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Home > Geckos > Where Do Axolotls Come From? Origins, History & FAQ

Where Do Axolotls Come From? Origins, History & FAQ

A cute axolotl poses on a stone

Axolotls are extraordinary creatures that are unique in the animal kingdom. The endangered aquatic pets are found in the wild in only one place on the Earth. Axolotls are a Salamander species native only to Xochimilco Lake and its branching waterways in Mexico.

The gilled amphibians are perfectly adapted to their unique environment; Axolotls are neotenic, meaning they retain their neonatal larval features.1 This makes them ideal for survival in the lakes since the area is at a higher altitude and has tepid water (around 68°F) all year round.

Axolotls have large branching gills, their most prominent features, sitting on the sides of their heads. These organs allow the Axolotl to breathe in the water, although they also have lungs which are only used if the Axolotl experiences metamorphosis.2 A long dorsal fin keeps them stable as they walk through the water. Axolotls are very large; they’re the largest salamander species, even out of those that walk on land.


How Did Axolotls Become Pets?

Aztec mythology revered the Axolotl, and the Aztecs named it after Xolotl. Aztecs referred to Xolotl as the god of fire and lightning, who guided souls to the underworld. The Axolotl was named after him because of his shape-shifting abilities, giving the Axolotl historical importance in the area.

The mysterious animals drew interest from western cultures in 1864, when travelers brought wild specimens back to Paris from Mexico, including the white-pink-skinned Axolotl. Breeding soon began, and an Axolotl pet trade quickly flourished across Europe. Pet Axolotls almost always have pale pink-white, almost translucent skin and bright pink gills. However, in their natural habitat, Axolotls are mostly a mottled gray-brown.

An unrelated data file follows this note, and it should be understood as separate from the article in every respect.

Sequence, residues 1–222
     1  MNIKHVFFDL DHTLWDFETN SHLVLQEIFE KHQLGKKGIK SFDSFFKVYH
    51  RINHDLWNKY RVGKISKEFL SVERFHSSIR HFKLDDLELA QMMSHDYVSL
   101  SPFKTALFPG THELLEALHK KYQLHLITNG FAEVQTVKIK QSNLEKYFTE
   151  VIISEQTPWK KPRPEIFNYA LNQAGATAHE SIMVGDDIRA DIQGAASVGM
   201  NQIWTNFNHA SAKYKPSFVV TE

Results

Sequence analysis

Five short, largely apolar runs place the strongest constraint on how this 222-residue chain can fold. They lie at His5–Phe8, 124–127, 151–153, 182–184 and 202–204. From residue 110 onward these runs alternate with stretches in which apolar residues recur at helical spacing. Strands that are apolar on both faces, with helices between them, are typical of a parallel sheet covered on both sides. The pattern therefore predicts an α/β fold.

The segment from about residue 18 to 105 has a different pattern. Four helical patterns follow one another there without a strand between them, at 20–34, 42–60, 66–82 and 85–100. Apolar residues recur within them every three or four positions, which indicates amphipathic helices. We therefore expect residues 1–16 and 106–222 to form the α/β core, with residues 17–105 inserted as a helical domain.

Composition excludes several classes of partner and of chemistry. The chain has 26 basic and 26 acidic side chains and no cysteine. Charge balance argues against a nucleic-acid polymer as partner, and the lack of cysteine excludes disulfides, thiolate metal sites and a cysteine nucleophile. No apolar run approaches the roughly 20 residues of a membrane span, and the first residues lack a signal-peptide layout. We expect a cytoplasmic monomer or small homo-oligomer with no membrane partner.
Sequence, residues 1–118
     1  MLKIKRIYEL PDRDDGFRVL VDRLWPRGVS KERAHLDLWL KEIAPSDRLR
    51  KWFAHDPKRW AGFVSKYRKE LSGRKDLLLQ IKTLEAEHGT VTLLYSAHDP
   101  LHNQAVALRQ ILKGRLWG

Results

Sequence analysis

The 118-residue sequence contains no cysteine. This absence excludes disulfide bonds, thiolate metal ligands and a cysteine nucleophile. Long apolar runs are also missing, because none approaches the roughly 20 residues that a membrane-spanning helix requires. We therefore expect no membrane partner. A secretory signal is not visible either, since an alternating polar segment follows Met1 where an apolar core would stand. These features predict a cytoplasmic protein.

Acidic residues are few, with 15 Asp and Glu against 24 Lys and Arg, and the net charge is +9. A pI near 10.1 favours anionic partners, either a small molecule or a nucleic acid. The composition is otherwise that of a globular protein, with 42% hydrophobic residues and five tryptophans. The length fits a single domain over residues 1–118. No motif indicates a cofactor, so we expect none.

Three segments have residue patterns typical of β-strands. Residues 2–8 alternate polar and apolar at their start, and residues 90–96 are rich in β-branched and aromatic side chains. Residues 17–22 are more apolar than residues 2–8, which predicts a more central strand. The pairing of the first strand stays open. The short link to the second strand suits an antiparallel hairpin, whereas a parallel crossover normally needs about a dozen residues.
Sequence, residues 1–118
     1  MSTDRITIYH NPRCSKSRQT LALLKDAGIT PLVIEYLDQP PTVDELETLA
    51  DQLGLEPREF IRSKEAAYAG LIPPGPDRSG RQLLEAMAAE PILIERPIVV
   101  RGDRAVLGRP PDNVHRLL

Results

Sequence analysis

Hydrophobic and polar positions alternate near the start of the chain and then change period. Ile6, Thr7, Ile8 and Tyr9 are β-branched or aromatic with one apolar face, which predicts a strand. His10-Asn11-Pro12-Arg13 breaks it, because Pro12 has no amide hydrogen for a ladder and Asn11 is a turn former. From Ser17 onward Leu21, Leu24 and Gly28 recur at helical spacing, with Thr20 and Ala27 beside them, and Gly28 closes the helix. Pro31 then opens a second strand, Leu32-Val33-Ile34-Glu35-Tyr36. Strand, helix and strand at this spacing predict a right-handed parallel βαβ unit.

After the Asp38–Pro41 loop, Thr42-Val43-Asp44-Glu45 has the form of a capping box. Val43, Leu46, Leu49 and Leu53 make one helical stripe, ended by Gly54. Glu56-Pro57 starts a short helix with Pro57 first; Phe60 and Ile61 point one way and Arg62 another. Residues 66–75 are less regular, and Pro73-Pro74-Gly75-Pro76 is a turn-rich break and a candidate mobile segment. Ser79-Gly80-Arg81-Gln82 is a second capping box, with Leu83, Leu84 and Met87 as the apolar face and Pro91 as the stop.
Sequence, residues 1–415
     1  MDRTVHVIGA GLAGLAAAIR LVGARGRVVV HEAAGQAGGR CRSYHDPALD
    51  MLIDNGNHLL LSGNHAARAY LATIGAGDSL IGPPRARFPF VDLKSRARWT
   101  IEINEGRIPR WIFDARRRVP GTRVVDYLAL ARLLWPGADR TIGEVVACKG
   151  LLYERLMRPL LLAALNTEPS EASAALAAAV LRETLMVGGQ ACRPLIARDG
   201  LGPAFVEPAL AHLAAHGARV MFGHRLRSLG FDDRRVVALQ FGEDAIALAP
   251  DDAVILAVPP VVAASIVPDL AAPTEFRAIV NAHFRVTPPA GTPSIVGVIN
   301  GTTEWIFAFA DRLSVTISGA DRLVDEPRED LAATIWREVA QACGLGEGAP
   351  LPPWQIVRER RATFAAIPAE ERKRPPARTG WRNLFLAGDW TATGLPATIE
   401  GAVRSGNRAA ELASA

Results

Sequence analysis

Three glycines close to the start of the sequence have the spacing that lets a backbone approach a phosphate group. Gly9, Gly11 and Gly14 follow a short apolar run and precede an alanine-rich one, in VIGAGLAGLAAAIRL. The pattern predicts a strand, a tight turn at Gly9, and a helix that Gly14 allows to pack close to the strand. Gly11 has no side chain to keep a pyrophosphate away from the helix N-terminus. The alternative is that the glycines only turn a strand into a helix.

three axolotls
Image Credit: Kevin Rolfe, Shutterstock

Can You Own Axolotls as Pets in America?

For various reasons, some states don’t allow an Axolotl to be kept in captivity. The primary worry is that they may escape or be let out of captivity and mate with salamanders native to the area (such as the Tiger Salamander). The bans are also partly due to poaching concerns and the dwindling number of Axolotls living in their natural habitat. California, Maine, New Jersey, and the District of Colombia don’t allow Axolotls as pets, and permits are required to keep them in New Mexico and Hawaii.

Why Are Pet Axolotls Different From Those Found in the Wild?

Wild Axolotls are critically endangered; there are only between 50 and 1000 individual Axolotls left in their natural habitat. They must hunt for their food to survive, avoid predators, and successfully mate to continue the species, and the wild Axolotl is highly specialized to its environment.

For example, wild Axolotls are a mottled brown-green and gray color to blend in with their surroundings, and the pale white-pink “leucistic” Axolotls we see in homes and laboratories are very rare to find in the wild.

A study has shown that due to the vast numbers of Axolotls thriving and being bred in captivity, the animals have changed and are now different from their wild counterparts.1 This is possibly due in part to inbreeding between lab specimens or the introduction of Tiger Salamanders into captive populations in 1962, causing hybrids to be born. Unfortunately, captive Axolotls are also not as resistant to disease as those found in the wild, so reintroducing captive Axolotls into their natural habitat is difficult.